Calibo and Miska had dragged the buggy into the center of the forge area. Twisted and torn metal stuck out in all directions. The front looked like it had been crushed as easily as a paper box.
Miska stood near the front, wearing a pair of functional and stained trousers, a heavy leather apron, and a shirt more appropriate for winter. To Linsan’s surprise, she didn’t have a hammer in hand.
Wearing gloves, Miska picked up one end of a fender. Bracing it against her thigh, she raised her fist into the air and brought it down. The impact sounded like a hammer strike and the metal shook violently from the impact. A blast of warm air blew past Linsan bringing the smell of scorched metal and wood.
Brook leaned over. “Is she…?”
Miska slammed her hand down again, flattening the metal against her thigh.
Linsan shook her head in amusement. “Fixing your buggy with her bare hands? Yes.”
Miska groaned and released the metal. Standing up, she ran her gloved hand across the side of her face. Sweat sluices off the leather and splashed down to soak her shirt. She caught sight of Linsan and Brook before doing a double take. A scowl etched across her face. “I didn’t hear you come in.”
“Y-You were pounding,” Brook said in her quiet voice. Her eyes scanned up and down, taking in the look of Miska with more than a little desire. It was a new expression for Linsan, but there was no question that something about Miska that excited Brook.
Brook’s eyes flickered to Linsan’s and then a blush burned on her cheeks. She reached out and grabbed Linsan’s hand and held it tight.
Given what happened the night before, Linsan was surprised that she didn’t feel a surge of jealousy or anger. The plays and stories said that it would happen, something that would eventually poison whatever had grown between her in Brook.
However, Linsan knew the plays by heart. She had seen how relationships had been ruined by those two emotions and misunderstanding. Her own earlier thoughts came back, was she in love with Brook or was it lust? Was it something forever or just two lovers in the same bed? She still didn’t know, only that what feelings she had were not in any play that she had seen.
She clasped Brook’s hand and gave her a comforting smile. They would figure it out, together.
When they looked back, Miska was watching them carefully. “What do you want?” she asked in a sharp tone.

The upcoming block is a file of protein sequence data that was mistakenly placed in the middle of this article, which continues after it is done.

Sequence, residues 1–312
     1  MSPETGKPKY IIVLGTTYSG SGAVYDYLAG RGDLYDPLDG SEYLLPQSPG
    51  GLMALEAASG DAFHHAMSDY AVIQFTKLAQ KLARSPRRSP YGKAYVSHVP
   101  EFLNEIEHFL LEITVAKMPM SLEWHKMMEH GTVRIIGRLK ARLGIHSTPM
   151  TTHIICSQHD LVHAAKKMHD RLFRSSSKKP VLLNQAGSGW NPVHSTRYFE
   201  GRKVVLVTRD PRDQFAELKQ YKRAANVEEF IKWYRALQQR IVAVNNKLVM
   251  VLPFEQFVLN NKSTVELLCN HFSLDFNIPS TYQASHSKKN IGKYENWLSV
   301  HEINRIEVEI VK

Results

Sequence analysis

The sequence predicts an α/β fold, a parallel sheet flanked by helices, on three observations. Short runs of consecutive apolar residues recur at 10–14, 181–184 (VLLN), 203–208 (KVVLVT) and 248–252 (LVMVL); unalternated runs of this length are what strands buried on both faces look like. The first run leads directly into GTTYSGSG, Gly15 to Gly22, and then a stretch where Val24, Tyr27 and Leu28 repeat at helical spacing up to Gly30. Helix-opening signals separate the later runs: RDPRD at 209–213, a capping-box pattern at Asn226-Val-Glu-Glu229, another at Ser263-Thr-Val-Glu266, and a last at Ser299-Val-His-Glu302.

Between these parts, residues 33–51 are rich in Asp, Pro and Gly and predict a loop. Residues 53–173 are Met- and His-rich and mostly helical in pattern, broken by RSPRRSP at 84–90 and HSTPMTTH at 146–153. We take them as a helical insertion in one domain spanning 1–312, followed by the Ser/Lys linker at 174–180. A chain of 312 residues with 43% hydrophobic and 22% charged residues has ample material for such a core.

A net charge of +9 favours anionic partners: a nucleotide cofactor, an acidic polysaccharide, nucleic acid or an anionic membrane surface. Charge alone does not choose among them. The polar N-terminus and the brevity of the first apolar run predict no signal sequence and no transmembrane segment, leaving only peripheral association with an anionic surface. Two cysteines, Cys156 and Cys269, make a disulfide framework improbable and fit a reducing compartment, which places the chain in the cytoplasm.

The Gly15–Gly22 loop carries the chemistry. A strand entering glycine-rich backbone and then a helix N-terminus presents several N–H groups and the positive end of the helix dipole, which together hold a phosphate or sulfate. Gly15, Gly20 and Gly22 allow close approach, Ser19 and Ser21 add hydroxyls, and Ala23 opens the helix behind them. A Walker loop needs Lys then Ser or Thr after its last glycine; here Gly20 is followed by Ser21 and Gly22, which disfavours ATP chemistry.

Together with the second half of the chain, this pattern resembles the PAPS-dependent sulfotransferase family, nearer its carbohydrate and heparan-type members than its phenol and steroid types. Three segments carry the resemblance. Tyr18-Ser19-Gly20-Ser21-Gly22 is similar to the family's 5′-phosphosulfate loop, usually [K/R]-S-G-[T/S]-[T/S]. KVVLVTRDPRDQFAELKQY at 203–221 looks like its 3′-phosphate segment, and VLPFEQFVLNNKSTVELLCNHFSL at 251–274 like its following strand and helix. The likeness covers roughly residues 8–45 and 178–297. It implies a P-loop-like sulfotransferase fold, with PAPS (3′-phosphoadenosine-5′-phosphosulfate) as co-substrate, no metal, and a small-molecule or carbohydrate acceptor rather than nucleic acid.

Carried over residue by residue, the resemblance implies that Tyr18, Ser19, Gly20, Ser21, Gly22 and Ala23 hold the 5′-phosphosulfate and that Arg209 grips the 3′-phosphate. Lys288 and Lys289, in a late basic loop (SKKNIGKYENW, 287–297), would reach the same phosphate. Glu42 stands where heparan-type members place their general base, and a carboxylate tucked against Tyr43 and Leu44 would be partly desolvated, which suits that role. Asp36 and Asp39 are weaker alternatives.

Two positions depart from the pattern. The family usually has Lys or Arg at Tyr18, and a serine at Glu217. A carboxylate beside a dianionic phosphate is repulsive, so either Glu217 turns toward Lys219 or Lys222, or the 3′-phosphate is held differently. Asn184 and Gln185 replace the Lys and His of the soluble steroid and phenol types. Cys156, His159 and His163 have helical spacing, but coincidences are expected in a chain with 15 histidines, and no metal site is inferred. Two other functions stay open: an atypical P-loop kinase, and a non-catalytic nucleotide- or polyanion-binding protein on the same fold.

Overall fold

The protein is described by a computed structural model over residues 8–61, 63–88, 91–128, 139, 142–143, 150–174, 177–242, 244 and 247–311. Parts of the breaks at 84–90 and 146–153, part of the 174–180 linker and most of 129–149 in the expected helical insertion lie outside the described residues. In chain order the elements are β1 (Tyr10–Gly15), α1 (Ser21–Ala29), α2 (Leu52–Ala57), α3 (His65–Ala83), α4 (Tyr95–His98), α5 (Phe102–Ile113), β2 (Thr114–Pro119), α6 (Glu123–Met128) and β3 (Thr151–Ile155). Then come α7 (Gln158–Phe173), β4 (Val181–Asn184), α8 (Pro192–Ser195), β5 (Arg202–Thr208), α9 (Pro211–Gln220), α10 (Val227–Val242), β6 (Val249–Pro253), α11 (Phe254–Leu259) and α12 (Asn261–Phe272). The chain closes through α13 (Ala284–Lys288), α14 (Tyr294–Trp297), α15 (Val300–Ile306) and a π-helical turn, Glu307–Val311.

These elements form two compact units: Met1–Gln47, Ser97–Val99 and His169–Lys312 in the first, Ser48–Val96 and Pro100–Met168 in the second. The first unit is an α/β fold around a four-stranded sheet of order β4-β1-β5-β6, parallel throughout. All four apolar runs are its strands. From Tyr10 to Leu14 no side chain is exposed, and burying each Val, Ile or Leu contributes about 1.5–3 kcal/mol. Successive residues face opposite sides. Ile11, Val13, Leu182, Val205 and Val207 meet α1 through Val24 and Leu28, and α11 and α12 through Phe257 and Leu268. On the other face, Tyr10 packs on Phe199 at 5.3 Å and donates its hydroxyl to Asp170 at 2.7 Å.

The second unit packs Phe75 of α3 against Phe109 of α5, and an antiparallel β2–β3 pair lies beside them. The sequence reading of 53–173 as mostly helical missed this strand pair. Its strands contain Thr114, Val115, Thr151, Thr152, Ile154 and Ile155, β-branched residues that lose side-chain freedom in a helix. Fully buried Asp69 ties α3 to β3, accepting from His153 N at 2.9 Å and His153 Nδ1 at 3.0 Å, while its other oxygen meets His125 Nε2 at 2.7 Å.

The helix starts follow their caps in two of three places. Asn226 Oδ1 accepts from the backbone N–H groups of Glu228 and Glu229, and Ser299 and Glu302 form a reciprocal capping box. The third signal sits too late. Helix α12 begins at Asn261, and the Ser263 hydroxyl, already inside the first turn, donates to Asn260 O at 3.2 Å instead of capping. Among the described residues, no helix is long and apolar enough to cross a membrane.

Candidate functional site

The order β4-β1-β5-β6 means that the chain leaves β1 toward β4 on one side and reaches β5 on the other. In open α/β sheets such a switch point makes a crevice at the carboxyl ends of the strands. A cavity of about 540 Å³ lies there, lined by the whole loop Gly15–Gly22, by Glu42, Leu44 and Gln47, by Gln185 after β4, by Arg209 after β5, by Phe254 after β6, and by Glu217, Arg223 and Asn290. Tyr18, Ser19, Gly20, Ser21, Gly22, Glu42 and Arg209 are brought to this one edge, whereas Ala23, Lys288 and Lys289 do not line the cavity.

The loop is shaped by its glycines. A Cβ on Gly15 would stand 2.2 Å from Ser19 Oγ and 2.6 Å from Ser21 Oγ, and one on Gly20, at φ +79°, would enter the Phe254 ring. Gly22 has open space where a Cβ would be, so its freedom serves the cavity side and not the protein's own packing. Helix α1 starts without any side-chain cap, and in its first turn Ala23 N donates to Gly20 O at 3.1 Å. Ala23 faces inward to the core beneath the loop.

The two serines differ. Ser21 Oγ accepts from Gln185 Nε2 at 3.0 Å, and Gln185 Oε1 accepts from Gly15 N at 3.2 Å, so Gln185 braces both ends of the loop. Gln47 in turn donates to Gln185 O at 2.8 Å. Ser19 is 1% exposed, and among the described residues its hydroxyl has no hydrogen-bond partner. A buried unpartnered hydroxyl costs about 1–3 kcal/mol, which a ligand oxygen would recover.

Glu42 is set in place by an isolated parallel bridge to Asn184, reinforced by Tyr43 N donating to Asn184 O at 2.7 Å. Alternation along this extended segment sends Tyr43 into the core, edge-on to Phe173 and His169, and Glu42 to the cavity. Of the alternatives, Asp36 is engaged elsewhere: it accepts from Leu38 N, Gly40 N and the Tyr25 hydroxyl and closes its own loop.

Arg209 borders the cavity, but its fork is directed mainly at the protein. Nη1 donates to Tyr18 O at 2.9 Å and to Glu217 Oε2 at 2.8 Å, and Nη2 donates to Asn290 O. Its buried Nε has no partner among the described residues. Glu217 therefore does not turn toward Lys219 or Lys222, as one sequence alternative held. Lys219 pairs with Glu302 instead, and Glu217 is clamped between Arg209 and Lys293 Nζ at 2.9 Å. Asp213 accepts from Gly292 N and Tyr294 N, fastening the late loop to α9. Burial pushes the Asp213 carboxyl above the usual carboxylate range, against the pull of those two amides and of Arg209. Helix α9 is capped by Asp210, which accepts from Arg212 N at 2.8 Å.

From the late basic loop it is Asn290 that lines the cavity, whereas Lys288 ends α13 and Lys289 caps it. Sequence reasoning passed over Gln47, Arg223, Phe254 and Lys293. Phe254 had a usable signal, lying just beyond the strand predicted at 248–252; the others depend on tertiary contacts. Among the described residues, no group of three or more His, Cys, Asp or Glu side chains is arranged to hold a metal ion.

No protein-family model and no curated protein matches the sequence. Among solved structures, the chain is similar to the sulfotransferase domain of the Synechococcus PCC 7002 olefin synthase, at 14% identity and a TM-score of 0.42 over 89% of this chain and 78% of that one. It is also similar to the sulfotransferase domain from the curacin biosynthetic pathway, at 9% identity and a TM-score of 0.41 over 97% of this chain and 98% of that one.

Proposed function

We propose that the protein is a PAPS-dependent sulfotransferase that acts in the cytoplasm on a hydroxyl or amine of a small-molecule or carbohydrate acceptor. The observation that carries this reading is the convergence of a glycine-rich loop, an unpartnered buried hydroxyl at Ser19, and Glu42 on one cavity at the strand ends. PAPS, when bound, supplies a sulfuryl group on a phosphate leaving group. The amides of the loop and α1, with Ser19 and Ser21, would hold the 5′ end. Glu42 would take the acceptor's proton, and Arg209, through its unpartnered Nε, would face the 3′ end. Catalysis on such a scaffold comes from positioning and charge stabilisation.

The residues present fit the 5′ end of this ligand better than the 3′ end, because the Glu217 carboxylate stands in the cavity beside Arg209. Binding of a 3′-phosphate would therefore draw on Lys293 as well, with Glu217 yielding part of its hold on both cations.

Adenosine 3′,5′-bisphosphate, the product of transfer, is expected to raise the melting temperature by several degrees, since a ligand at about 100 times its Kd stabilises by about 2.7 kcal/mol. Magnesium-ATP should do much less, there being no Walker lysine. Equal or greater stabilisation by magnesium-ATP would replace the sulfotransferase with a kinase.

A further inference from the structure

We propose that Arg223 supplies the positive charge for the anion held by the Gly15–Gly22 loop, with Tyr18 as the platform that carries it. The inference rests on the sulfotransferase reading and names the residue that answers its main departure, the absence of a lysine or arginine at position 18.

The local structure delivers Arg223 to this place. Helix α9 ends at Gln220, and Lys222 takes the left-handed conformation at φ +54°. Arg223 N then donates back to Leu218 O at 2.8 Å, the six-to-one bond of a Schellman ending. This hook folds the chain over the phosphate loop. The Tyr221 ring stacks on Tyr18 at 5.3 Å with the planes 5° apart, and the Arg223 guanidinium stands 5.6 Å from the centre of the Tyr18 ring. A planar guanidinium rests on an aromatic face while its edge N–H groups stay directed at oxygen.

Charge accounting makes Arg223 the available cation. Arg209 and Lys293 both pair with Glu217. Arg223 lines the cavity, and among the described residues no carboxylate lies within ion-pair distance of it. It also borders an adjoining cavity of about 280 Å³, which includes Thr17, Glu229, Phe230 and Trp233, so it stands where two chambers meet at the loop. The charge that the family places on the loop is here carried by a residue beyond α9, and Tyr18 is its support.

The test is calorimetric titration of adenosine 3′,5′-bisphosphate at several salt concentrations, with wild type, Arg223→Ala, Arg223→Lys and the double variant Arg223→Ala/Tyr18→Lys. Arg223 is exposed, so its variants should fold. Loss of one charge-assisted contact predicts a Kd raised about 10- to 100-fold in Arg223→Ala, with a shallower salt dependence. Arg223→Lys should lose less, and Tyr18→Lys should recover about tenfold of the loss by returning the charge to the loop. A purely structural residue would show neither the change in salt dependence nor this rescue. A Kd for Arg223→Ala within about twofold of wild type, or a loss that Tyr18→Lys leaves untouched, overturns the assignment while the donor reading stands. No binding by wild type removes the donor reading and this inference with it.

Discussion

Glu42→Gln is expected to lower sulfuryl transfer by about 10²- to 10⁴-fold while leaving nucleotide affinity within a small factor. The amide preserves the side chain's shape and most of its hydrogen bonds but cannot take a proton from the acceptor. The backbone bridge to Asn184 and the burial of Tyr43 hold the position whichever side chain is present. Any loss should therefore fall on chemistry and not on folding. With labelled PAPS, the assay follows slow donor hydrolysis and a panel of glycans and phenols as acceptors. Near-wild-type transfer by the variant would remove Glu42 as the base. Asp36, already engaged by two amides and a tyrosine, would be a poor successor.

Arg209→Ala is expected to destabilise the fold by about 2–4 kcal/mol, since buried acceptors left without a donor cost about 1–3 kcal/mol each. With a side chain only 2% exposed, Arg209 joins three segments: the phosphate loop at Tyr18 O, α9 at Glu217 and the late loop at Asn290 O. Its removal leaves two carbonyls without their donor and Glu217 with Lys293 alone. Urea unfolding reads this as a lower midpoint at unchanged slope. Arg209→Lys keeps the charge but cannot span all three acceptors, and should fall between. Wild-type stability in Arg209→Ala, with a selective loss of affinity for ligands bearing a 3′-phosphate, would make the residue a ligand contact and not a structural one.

“How bad is my car?” Brook said, the familiar sharpness of her tone coming back.
Miska shook her head and rolled her eyes. She turned and pointed to the car as she spoke. “It looks the frame had been snapped her and here. The front is trashed, but the engine looks in pretty good shape. I’m thinking if I can most of this front repaired and pulled off, I’ll have a better idea about midnight.”
“Midnight?” Linsan asked.
Brook’s spine stiffened. “That’s all day. We can’t wait that long.”
Miska glared at her. “Well, then prepare to wait a lot longer because you trashed your Coaster and it’s going to take me a lot of effort just to get your damn pretty ass back on the road, now isn’t it?”
Brook opened her mouth but Linsan knew nothing helpful was going to come out. She squeezed Brook’s hand tightly for a moment. When her friend looked over, Linsan shook her head. Brook closed her mouth with a snap.
“Let’s let Miska do what repairs she can. We have other things we need to do.”
A flush colored Brook’s cheeks and a smile quirked the corner of her lips.
Linsan grinned. “That or repair my bow and figure out how we’re going to defeat Til, May, and Gab.”
Brook’s smile dropped instantly.
As much as Linsan wanted to crawl back into bed and enjoy some time with Brook, they had a duty before them. “We obviously can’t reuse the same song from before, Til figured it on the second play. That means we need to learn and practice a lot more if we’re going to have a chance.”
For a moment, Brook resisted. Then her shoulders slumped. “Very well. What do you need?”
“Horse hairs at least and probably some tools.”
Turning back, Brook cleared her throat and spoke politely to Miska. “Excuse me, do you know where we could find someone who keeps horses?”